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  • Bruce H. McIntosh
    scotsman@afn.org
    Visit my work homepage
    Last revised Jun 10, 2017

    Some of you may know me
    And many of you won't
    I am just a player in the band

    Guitar stuff - Guitar Gallery


    The Family Portrait,as of May 29,2013


    Front row:
    • Koontz & Thurston/John Sprung Black Telecaster
    • Ibanez ART-420
    • 1978 Gibson "The Paul" (aka "The Walnut Wonder")
    • Jay Turser JT-134QMTsemi-hollow

    Back row:
    • Martin Shennandoah D-2832
    • Dad's no-name classical

    Here's a closer look at the Black Telecaster. The overall concept was insipred by a set of Teles with dual humbuckers that Roger Griffin built of Schecter parts for Pete Townshend in the late 70s and 80s,when he was tired of lugging irreplacable old Les Pauls all over creation. The Strat neck concept was courtesy Steve Morse's renowned four-pickup "Franeknstein Telecaster". There's a relief on the back to make it more comfortable to play sitting down.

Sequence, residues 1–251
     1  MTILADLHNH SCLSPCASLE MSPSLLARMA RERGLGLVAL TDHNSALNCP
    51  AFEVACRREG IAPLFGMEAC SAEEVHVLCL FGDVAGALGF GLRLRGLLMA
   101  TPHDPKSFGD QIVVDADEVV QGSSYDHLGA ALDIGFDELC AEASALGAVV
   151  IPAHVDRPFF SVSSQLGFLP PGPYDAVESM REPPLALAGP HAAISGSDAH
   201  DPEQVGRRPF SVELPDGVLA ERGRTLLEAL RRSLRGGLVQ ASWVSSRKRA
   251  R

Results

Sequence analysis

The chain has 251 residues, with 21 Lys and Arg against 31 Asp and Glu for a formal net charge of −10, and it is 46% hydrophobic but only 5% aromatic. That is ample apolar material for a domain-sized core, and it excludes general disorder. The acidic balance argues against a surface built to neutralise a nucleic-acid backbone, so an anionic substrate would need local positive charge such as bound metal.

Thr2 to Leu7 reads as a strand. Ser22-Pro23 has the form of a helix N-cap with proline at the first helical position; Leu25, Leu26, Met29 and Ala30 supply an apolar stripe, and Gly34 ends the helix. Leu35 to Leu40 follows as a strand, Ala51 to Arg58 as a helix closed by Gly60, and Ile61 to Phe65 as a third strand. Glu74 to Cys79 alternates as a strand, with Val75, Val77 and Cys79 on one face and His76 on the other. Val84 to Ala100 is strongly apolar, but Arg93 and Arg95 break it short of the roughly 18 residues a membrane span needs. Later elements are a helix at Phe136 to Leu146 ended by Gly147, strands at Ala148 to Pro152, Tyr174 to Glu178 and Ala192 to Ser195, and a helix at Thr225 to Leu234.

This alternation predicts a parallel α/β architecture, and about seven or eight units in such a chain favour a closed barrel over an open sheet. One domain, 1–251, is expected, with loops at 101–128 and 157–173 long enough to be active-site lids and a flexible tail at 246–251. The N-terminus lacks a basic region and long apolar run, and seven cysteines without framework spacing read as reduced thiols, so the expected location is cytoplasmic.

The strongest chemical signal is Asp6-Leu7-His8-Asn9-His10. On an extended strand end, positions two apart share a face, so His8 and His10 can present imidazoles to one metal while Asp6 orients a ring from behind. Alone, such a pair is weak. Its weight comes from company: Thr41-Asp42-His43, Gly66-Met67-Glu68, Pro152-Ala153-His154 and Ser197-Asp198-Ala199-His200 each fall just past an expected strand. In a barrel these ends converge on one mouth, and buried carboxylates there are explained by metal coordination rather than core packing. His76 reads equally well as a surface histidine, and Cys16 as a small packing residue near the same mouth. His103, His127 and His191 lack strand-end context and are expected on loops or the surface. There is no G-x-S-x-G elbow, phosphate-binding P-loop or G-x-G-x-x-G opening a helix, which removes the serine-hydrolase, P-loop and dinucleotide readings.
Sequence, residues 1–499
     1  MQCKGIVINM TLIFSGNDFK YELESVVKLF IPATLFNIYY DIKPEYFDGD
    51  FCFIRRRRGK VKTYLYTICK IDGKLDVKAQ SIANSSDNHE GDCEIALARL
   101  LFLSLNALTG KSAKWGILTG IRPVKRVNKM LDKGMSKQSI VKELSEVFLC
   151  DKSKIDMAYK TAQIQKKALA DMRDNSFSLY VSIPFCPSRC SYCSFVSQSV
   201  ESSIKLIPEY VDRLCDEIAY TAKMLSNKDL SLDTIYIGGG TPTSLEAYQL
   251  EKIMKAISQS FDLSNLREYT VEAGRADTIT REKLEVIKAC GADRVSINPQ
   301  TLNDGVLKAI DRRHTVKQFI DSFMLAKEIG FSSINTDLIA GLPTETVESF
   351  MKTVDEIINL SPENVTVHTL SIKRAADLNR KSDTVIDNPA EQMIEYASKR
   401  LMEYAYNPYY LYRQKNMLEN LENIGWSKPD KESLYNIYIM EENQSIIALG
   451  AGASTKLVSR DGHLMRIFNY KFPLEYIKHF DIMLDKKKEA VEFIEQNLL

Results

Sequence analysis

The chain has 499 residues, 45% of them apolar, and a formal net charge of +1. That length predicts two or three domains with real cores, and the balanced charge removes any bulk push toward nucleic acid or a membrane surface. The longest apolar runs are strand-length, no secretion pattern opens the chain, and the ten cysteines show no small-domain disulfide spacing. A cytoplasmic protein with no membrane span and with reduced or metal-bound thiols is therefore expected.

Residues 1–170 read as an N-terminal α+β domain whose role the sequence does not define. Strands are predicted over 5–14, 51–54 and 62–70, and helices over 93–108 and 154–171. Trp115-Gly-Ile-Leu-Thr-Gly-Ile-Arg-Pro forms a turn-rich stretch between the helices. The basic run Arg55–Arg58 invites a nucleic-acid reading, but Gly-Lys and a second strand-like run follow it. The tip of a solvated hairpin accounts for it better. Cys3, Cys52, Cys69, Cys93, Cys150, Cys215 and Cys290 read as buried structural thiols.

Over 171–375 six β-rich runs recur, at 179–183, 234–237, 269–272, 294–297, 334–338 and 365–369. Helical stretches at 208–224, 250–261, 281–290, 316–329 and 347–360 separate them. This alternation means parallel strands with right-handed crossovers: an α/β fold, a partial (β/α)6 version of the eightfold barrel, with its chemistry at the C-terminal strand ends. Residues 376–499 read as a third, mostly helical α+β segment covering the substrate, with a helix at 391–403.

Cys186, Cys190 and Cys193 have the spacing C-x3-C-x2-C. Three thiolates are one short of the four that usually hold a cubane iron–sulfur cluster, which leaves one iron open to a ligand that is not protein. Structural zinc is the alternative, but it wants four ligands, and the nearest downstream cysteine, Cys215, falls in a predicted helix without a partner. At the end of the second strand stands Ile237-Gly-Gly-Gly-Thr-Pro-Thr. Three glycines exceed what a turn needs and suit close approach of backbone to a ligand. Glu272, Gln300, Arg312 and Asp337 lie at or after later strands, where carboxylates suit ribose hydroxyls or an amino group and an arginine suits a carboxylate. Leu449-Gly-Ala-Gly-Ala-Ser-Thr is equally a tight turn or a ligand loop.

I ordered the body on layaway after seeing an amazing flame maple Strat neck at John Sprung's old American Guitar Center shop on Viers Mill Road in Wheaton,MD. He had Koontz & Thurston build and finish the body,mated it to the neck,and set it on a stand in the shop while I paid off the layaway. While it sat he had several people ask if it was for sale. Once it was paid off and I got it in my hot little hands I started in on the wiring. There's a DiMarzio SuperII neck pickup and a Duncan SH-4 JB bridge pickup. I'll describe the rest of the wiring below.

    It's had a bit of a hard life,replete with knocked-over guitar stands,belt buckles,watch band buckles,at least one night in a leaking car trunk,a neck replacement resulting from a hideous,uncorrectable S-bend in the original neck,and,well,25 years of being my "daily driver" so to speak. Oh,and it could stand some fret work. One of these days.

    Since everyone who sees it asks... the knobs read,top to bottom (right to left in the picture): volume,neck tone,bridge tone; the switches,in the same order: neck PU in/out of phase with bridge PU,neck PU coil cut,bridge PU coils in/out of phase,bridge PU coils in series/parallel. I blame Donald Brosnac for the inspiration for the mad-hatter wiring setup.